According to a study published in the latest edition of Weed Science, carbon dioxide acts as a fertilizer to invasive exotic grasses, resulting in higher growth rates and larger leaves, and makes them more resistant to glyphosate, an herbicide commercially known as Roundup.
The study looked at the effects of elevated carbon dioxide levels on four species of grass and gauged the tolerance of these plants to glyphosate. The four species tested are all invasive exotic plants in Australia that have previously been chemically controlled with glyphosate. When treated with the herbicide, three of the four species showed a significantly higher survival rate under elevated carbon dioxide levels compared with ambient levels.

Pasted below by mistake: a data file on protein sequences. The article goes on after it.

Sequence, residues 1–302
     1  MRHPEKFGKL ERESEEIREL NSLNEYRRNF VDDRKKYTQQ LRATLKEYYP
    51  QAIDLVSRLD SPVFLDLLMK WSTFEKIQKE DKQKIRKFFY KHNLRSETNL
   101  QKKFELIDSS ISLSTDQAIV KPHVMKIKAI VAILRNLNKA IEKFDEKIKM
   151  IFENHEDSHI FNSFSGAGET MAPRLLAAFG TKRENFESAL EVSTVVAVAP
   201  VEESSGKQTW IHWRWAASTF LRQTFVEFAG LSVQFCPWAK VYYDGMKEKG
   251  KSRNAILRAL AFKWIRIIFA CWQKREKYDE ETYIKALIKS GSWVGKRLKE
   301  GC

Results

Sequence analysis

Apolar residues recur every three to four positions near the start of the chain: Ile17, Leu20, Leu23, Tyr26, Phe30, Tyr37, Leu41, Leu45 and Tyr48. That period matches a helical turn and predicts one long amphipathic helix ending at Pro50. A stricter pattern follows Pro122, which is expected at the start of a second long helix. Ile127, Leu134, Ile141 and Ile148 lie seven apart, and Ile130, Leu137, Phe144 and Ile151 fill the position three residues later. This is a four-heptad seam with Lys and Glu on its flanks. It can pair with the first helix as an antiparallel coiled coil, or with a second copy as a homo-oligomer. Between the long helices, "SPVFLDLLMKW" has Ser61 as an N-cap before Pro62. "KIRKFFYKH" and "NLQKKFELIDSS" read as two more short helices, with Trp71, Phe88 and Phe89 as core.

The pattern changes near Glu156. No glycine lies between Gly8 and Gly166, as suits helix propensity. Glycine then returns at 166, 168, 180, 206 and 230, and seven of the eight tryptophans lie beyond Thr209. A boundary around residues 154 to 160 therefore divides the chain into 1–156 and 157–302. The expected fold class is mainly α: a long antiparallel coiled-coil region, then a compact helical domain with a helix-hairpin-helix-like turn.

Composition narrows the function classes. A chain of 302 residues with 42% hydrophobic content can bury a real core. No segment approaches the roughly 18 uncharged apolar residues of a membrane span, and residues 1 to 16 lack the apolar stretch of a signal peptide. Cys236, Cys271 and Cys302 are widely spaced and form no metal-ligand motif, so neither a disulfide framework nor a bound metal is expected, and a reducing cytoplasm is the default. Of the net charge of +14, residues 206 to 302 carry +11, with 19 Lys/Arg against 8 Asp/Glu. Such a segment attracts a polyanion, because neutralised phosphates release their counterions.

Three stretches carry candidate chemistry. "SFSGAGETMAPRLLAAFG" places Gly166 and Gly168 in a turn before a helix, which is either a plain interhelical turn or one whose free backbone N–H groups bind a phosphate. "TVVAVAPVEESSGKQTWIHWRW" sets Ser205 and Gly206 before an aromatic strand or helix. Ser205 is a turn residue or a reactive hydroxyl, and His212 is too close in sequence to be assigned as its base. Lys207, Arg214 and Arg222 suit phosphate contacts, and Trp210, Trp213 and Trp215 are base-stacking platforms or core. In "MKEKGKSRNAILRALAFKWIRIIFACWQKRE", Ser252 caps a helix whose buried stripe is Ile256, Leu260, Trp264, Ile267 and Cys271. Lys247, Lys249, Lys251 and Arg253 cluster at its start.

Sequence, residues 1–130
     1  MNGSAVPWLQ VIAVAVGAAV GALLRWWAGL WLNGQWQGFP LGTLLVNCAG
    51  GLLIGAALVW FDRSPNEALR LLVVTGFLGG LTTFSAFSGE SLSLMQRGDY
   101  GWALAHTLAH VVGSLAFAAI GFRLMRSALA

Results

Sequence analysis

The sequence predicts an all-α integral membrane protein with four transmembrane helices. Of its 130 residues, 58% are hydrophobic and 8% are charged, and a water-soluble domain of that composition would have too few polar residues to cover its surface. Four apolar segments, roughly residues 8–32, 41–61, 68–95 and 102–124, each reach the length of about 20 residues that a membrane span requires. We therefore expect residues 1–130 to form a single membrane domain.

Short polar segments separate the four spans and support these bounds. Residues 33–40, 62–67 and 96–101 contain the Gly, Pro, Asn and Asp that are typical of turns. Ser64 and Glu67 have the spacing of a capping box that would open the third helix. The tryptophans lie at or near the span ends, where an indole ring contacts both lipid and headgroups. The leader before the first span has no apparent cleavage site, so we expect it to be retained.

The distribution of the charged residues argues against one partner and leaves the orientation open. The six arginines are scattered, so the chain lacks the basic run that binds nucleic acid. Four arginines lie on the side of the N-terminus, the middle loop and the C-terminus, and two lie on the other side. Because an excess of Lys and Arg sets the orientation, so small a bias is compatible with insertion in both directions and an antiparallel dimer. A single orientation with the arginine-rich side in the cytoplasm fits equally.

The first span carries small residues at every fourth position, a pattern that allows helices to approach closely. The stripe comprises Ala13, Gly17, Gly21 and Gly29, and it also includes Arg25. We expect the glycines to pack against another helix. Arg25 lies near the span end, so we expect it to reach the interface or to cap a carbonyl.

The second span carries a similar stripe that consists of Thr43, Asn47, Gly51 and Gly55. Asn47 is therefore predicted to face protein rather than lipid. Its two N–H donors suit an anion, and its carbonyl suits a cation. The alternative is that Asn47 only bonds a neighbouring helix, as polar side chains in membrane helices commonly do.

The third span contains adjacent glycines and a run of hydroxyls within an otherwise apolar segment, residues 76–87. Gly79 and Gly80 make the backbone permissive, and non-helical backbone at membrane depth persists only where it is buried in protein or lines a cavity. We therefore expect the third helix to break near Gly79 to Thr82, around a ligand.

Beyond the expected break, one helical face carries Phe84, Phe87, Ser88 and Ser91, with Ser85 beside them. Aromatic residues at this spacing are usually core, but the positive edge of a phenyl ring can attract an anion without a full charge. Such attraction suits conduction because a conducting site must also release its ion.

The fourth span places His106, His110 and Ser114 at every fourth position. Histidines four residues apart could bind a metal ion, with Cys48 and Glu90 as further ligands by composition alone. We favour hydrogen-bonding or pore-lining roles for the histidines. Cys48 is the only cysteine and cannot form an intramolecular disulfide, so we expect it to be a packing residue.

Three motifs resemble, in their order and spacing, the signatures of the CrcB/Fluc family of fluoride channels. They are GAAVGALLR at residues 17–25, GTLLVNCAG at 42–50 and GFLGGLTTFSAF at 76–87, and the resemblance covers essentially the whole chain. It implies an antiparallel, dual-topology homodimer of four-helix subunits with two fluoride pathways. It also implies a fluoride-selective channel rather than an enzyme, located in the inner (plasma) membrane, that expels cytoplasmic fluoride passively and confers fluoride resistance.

Based on the study's results, the use of herbicides may need to be increased to counter the effects of stronger weeds — a move that could have significant implications for affected industries.